Dare to Dream: Using Music Video for Powerful Messaging

Why make a music video?

There are still powerful reasons to make a music video, even more so presently in our social media society – with 2.3 billion active social media users, and video marketing increasing constantly, the need for a standout music video is paramount to the success of your music. In fact there are 8 billion average daily video views on Facebook alone, with Snapchat following closely behind with 6 billion views with 78% of people watching online videos every week.

Which brings me on to You Tube. There are 1,000,000,000 mobile video views a day on this search engine, so making sure you’re video is optimised and tagged correctly is crucial to getting your video seen. Ensure you describe your video appropriately, and really think about the title.

So, with this extraordinary amount of video views on daily basis, how do you make your music video unique?

We all love a good music video and if you’re like me, you may try to decipher the messages contained within them. Be it controversial, predictable, totally off the cuff scripted or organic, a good video can make or break a song, in my opinion. For me, the video of any given song is most anticipated and I can’t wait to see what creative cadence my favourite artist has produced. Which brings me on to Jared Sagal, and his Rockerrazzi productions…

Rockerrazzi Filmz

I discovered Rockerrazzi last year (well, my nine year old son did actually, on You Tube, whilst sourcing some motivation for his weekend football matches! See how powerful You Tube is?). I was so inspired by the theme within the video that I got in touch with him to discover more about this film and music maker. I loved the way he had used Cristiano Ronaldo as a protagonist, and I connected with the lyrics of the song immediately. I mean, who wouldn’t?

“Take me down the road, show me where to go, take me to a promised land… so I can start over again.”

I was just as gripped as my son. Jared has focused three of his music videos on the extremely popular theme of football, and grassroots football at that. Jared is a music video producer based in Los Angeles, originating from New Mexico. In his ‘Young Ronaldo’ series, Jared focuses on following your dream, believing in yourself, strength and perseverance. The original video ‘Young Ronaldo Part 1’ has amassed a gigantic 13.5 million views, and this figures increases by the day. To find out more about this song and video, read my interview with Jared here.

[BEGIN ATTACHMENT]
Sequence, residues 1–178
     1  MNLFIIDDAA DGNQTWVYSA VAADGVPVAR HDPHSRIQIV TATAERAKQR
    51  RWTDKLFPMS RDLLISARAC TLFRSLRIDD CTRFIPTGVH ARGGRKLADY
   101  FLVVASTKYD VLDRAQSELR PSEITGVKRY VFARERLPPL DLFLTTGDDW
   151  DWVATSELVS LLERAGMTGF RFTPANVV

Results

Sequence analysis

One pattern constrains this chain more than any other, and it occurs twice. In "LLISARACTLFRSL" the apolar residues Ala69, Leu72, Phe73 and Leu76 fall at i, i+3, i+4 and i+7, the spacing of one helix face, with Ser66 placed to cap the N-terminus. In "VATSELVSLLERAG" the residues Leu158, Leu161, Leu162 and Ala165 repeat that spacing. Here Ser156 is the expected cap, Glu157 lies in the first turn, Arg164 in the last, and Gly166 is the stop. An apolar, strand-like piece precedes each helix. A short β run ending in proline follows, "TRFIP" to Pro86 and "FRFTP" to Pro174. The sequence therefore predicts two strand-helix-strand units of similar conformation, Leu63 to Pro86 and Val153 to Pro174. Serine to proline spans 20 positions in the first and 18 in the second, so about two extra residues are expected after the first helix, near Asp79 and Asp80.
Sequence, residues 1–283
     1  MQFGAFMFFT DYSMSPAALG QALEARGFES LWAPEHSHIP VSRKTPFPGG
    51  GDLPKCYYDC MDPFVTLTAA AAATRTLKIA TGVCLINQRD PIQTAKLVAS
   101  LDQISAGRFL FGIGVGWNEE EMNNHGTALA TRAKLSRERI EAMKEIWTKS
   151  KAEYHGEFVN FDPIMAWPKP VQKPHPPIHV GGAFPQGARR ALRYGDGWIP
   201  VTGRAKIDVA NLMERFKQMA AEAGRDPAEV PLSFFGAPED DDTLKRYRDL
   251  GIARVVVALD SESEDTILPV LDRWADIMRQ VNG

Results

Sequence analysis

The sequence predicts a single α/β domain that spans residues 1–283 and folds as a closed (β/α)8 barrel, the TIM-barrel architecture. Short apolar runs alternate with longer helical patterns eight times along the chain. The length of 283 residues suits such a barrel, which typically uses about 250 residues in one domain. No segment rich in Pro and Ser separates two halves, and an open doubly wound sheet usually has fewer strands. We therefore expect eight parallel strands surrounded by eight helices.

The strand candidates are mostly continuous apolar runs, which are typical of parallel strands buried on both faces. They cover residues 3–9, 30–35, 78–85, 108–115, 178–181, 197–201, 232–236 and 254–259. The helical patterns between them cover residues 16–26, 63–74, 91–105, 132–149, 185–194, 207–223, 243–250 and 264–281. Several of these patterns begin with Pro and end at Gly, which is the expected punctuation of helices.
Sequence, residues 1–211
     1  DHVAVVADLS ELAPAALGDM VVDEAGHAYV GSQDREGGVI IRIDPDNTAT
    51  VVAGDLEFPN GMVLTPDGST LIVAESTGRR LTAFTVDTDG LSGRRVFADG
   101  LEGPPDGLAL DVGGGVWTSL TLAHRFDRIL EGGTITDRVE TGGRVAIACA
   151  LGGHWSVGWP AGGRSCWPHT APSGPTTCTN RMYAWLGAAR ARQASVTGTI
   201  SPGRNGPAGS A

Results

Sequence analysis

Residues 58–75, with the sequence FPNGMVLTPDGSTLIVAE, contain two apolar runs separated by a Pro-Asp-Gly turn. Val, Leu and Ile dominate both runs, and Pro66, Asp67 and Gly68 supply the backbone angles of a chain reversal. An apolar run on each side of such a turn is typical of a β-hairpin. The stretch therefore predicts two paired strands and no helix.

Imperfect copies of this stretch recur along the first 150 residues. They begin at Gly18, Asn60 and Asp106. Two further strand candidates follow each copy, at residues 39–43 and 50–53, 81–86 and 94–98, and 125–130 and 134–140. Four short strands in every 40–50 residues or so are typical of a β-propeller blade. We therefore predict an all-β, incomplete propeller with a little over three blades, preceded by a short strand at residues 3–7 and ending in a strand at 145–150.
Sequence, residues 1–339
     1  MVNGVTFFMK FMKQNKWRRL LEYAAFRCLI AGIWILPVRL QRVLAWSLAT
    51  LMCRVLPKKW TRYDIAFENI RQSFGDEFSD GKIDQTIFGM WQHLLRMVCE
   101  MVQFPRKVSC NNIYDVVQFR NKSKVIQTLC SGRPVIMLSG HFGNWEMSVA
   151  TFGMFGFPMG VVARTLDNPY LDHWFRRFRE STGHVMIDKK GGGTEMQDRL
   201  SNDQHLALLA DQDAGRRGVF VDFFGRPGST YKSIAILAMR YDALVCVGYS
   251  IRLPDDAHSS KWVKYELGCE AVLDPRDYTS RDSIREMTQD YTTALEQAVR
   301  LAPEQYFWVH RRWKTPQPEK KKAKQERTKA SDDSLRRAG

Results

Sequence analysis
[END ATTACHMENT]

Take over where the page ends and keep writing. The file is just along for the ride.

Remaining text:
Due to the success of Part 1 in 2015, and it’s emotional messaging, Jared was able to develop a follow-on video with an equally powerful theme about having a positive attitude together with consistently practicing your craft. “90 Minutes” was published in April of this year, and the number of views is steadily increasing. It currently has nearly 6.5 million views. Watch it here.

Fast-forward a few months, and the demand for a complementary storyboard to enhance this potent series of music videos has allowed Rockerrazzi Recordz to produce its latest strand “Dare to Dream.”

Choosing your video theme wisely

Having a main theme running through your video, together with being savvy about your audience can really enhance the success of your music video. Jared and his team are football lovers, and although he is a music and video producer by day, producing videos for the likes of ‘Dead Sara’ and ‘Imagine Dragons’ as well as many other up and coming artists, he decided to pursue a subject close to his heart, as a side-line, and for fun really. I asked Jared a few questions to delve a little deeper into the theme of is latest video “Dare to Dream” and his continued inspiration into this genre of music video.

What’s the objective of the video?

My goal is for young people to be both inspired and entertained by “Dare To Dream.” We want young players from around the globe to dig into the message of never giving up no matter what. With hard work and a good attitude anything is possible!

Do you believe education and social development starts at the grass roots?